I don't think it's all about mental health though. Let's use Moroni's promise as an example. Many people will stand at the pulpit at testify that they received a witness of the BoM as expected, and because they received that witness exactly as outlined they expect everyone else also did or can. But that's not necessarily the case. In any given congregation you could find several who have not received the promised/expected witness despite great effort on their part - but don't expect them to openly admit it for several reasons. Likewise there could be several reasons why they haven't, including that God just hasn't done it yet. Those people are often left to wonder "What's wrong with me?" This does not only apply to Moroni's promise, many testimony areas are very similar as is the experience of many missionaries when it comes to strict obedience.rrosskopf wrote: ↑12 Apr 2019, 03:00We often treat everyone the same in the church, and make broad statements based on our own experiences, but people are different, and suffer from a variety of spiritual diseases. There is often overlap between mental health issues and spiritual issues, but I couldn't tell you where one ends and the other starts.Arrakeen wrote: ↑11 Apr 2019, 15:25My faith crisis started because no matter how bad things got on my mission, it seemed like there were never any answers to prayers, and no matter how obedient I was, there were never any promised blessings. I have a lot of difficulty now believing in promised blessings, because I never received any of the great blessings that were supposed to come from serving a mission, and instead came home very, very broken. The only way I can reconcile this is to tell myself that God never actually personally promised me those blessings--people did, and they were wrong.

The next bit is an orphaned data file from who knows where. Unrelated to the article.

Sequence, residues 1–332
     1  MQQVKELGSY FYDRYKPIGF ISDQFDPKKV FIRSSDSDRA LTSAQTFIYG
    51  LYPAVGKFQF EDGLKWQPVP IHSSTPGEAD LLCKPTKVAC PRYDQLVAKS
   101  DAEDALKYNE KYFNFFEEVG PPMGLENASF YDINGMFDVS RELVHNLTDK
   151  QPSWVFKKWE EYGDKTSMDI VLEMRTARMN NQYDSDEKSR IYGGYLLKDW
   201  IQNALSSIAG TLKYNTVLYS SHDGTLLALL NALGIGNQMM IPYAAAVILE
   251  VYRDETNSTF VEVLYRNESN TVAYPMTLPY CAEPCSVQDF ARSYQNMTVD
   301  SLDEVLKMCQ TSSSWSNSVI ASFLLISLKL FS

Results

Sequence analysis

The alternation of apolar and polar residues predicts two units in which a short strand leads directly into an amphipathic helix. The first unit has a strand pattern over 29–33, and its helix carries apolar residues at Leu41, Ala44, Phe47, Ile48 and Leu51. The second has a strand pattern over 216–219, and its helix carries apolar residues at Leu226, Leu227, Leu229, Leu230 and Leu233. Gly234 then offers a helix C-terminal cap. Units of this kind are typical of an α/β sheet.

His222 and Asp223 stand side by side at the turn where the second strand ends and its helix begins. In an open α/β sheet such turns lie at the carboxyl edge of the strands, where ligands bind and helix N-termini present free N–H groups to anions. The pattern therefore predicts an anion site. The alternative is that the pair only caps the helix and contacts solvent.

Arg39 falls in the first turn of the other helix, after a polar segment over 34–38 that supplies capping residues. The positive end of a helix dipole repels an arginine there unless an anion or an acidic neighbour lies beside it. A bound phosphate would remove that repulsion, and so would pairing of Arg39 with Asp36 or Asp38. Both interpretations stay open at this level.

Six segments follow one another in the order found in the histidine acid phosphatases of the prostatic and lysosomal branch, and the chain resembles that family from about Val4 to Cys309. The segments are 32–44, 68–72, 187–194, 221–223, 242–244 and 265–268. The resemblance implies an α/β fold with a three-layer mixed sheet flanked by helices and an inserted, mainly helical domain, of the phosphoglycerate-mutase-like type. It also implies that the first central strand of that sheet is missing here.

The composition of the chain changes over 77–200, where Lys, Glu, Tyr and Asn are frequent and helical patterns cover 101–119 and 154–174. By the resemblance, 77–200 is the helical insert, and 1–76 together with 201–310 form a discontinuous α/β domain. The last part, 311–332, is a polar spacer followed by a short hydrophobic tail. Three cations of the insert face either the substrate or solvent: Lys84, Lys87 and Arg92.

Jesus explained that one could keep the commandments and still not receive the promised blessings because of ones attitudes. A bad attitude was the same as commiting the sin. Attitudes definately influence and are influenced by mental health. So it can be a murky area. I have seen people overcome their mental health issues, with a lot of help, but it is more common for people to suffer from the same issues throughout their lives.
I'm just going to throw in a couple related side notes here. 1) Moroni's promise: generally only verses 3-5 are read. Verse 1 makes it clear who the promise is actually to. He was writing to the Lamanites. Does that mean the promise won't work for others? Apparently not, but it also might indicate it's not to everybody. 2) Oliver Cowdery and translating: The "burning in the bosom" is often cited. I can't say I've ever experienced what I would call a burning in the bosom other than heartburn when I eat too much chili. The burning in the bosom may be how God communicated with Oliver, but I get a much different feeling. AND, we also need to keep in mind that Oliver failed at translating - and it was not for lack of trying, burning bosom or not.